Espoo Museum of Modern Art
Michael Schilkin’s delightful ceramic animals displayed in an animal world designed by Lotta Mattila
The Michael Schilkin feat. Lotta Mattila exhibition brings an expressive bunch of ceramic animal sculptures on display. In the exhibition, the visitor is presented with environments, where animal figures by two artists from different eras come together. The exhibition is based on the collection of Kyösti Kakkonen, collector and primarily a commercial counsellor, and is on display in connection with the Bryk & Wirkkala Visible Storage during 2 June 2020–28 February 2021.
Modernist Michael Schilkin (1900–1962) conveys stories with his images. He is known for large works designed for facades, but also for his small and sympathetic animal sculptures. Schilkin’s narrational reliefs continue to enrich the Helsinki streetscape through the facades of Arabia Factory and the former main building of Helsinki School of Economics. Schilkin has approached animal subjects throughout his career and has captured the movement and nature of animals vividly in his sculptures.
In addition to his career in Finland, the Russian-born Michael Schilkin also created an international career as a ceramic artist and sculptor. Schilkin emigrated to Finland at age 21 and studied in the Central School of Applied Arts in Helsinki, making a long career as an artist in the art department of the Arabia factory.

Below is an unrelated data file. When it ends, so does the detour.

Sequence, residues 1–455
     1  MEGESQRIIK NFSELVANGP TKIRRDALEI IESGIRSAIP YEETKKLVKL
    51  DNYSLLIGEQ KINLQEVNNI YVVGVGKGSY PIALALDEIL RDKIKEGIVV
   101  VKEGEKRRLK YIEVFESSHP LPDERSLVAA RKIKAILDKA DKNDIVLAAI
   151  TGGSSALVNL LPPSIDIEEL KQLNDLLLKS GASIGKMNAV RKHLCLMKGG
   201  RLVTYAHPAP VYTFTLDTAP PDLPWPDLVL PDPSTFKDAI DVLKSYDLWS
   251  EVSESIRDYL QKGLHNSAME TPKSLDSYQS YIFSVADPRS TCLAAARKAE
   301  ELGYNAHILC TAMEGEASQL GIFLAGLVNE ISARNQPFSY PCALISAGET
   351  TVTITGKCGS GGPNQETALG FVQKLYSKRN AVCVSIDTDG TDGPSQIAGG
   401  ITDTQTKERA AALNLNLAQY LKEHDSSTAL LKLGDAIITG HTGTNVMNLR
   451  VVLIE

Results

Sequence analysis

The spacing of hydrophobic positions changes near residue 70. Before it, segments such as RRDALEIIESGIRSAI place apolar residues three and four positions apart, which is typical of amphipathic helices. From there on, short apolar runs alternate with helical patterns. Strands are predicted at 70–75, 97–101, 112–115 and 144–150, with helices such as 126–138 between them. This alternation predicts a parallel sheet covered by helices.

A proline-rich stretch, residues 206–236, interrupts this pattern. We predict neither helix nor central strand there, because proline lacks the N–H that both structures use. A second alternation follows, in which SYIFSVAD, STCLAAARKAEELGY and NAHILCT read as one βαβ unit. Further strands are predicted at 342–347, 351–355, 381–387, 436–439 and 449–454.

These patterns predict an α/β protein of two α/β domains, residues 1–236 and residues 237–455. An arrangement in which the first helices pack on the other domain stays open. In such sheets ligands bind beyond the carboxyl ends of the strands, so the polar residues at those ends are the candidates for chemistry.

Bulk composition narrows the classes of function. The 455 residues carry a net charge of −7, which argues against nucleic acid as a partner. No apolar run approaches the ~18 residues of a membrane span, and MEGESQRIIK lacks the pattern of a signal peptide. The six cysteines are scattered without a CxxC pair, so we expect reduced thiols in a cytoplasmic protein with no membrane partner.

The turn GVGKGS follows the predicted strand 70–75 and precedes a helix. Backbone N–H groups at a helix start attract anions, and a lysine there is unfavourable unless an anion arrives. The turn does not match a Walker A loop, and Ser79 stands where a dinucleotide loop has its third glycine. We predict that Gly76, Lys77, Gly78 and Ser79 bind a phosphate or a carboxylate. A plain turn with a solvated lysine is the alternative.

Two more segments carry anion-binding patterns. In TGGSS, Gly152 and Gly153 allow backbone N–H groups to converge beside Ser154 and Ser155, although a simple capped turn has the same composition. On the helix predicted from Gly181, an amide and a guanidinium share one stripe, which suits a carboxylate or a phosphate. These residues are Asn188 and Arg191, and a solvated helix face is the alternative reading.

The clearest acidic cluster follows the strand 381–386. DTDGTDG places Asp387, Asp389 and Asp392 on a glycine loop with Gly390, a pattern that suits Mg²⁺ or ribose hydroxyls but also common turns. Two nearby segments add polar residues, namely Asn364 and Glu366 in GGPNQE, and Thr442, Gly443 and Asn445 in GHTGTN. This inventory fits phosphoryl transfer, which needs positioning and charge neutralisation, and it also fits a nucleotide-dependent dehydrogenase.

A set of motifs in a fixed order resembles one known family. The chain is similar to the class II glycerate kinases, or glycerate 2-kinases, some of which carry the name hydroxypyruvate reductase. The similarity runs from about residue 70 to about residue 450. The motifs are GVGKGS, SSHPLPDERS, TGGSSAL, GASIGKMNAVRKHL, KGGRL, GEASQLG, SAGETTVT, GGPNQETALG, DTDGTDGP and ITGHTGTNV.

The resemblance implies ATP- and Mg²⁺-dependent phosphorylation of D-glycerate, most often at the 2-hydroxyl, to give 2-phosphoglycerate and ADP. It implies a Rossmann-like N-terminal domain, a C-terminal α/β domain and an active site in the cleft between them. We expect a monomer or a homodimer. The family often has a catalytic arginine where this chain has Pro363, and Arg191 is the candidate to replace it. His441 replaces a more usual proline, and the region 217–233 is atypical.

The Michael Schilkin feat. Lotta Mattila exhibition at EMMA has been curated by contemporary artist Lotta Mattila (b. 1986), who also works with ceramics and animal subjects. She has designed different living environments for the exhibition, providing places for Schilkin’s animals to live in. Besides children and adults, Schilkin’s animals will be seen by Mattila’s own animal sculptures including bear cubs, squirrels and a baboon.
“Clay is a material that repeats the movements and feelings of its shaper. I approached Schilkin’s production from a colleague’s point of view, since I am involved in the craft as well, working with clay. A person familiar with the material can read these handprints from an item long after it has been burned. Schilkin’s ceramic sculptures reveal to me the story of an artist who moulds clay at their office and enjoys this work. The animal figures stir my imagination, pulling me into their stories. Using landscapes and encounters created for a site, I want to open those stories to the museum visitor. My own sculptures accompany the visitor in admiring Schilkin’s production,” says Lotta Mattila.
Schilkin’s life’s work is situated in the same time period as the artistic production of, for example, Kaj Franck, Birger Kaipiainen and Rut Bryk. Schilkin and Bryk worked simultaneously at the Arabia ceramics factory. EMMA’s exhibition is on display in the space for temporary exhibitions, connected to the Bryk & Wirkkala Visible Storage. The Visible Storage presents the life’s work of Tapio Wirkkala and Rut Bryk, thus opening a dialogue with the works of two pioneering Modernists and former colleagues.